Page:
Length and value of Leasehold

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Tuesday 1 July 2008 10.34am
Hi all, hope someone can help;

We own a one bed flat, with a leasehold that was 99 years when it was built in 1989 - This makes it about 80 years now.

we've had a letter from a company advising us to buy more years on our lease to make it back up to 99, because apparently lenders are less likely to lend for a mortgage on lease lengths less than 80 years, and the lower it gets, the more unlikely they are to lend - and this apparenly causes loss of value in the flat.

Why is this?
People in my opinion on average don't live in one bed flats very long - why is it necessary to have a lease that is longer than the average lifespan of most people? Surely a mortgage company should only start to worry if the lease gets below 20 years? and how come the price to buy more lease goes up the longer you leave it - that should be the same per year
If I want to buy 20 years now - at an example cost of 20, then surely next year buying 21 years will cost 21, and buying 30 years in 10 years time - 30 (give or take a few points interest)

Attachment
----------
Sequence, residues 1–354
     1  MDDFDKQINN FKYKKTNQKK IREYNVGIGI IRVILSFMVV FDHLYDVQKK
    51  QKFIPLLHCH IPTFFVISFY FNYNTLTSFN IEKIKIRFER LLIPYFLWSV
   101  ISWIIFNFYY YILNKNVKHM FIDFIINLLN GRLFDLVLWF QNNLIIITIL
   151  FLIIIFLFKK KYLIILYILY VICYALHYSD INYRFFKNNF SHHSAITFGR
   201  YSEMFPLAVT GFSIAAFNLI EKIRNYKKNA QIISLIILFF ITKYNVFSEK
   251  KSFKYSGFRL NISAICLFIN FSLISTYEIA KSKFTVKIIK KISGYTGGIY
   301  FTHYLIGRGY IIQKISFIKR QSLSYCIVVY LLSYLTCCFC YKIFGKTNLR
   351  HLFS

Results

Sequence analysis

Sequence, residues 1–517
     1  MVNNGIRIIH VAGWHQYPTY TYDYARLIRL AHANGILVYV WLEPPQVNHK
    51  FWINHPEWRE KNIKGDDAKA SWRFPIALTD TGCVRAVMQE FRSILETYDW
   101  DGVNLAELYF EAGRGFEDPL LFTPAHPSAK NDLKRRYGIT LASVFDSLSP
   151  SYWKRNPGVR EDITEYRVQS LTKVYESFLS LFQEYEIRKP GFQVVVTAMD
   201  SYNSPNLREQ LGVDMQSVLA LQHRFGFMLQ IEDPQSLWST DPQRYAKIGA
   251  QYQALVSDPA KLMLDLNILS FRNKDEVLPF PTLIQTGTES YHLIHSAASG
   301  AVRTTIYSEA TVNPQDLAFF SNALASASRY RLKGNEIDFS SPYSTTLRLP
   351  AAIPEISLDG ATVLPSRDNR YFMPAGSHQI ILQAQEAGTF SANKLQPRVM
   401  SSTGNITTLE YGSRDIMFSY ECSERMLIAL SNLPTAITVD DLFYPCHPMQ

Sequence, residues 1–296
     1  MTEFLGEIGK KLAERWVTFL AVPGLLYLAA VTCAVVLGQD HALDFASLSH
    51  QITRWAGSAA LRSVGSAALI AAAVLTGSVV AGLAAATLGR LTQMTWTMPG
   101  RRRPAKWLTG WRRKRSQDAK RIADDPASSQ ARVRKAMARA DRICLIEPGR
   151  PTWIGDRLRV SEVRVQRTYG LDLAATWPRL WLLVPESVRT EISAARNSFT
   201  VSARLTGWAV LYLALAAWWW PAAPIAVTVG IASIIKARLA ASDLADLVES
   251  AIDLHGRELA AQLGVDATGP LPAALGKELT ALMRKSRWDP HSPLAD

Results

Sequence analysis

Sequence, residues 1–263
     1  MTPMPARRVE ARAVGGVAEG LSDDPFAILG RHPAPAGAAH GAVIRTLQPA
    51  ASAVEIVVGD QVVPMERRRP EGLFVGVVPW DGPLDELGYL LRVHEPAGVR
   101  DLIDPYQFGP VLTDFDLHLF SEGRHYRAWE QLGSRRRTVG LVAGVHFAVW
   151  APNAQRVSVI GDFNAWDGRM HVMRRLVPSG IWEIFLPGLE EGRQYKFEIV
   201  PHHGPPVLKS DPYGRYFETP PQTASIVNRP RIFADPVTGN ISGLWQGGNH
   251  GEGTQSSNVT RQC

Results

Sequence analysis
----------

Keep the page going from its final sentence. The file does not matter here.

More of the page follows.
also - if I intend to stay here for 5 more years, with the same mortgage, why bother extending the lease now, why not in 4 years time?

I just don't get it - could someone please explain?
Thanks
Tuesday 1 July 2008 10.50am
I think you'll find that it is down to marriage value which kicks in at under 80 years (although at this point, the cost of the marriage value will be low).

http://www.homemove.co.uk/news/03-12-2007/how-to-extend-your-flat-lease.html

http://www.findaproperty.com/displaystory.aspx?edid=00&salerent=0&storyid=10207

Quote:
why is it necessary to have a lease that is longer than the average lifespan of most people? Surely a mortgage company should only start to worry if the lease gets below 20 years?

No, because if you default, you are left with a worthless asset - because nobody else will buy it - because even if they do, nobody will buy it from them... so they won't pay much for it.

Quote:
and how come the price to buy more lease goes up the longer you leave it - that should be the same per year If I want to buy 20 years now - at an example cost of 20...

Because you are buying the right to occupy your flat from 2089 to 2108 - essentially worthless at the moment, so relatively cheap.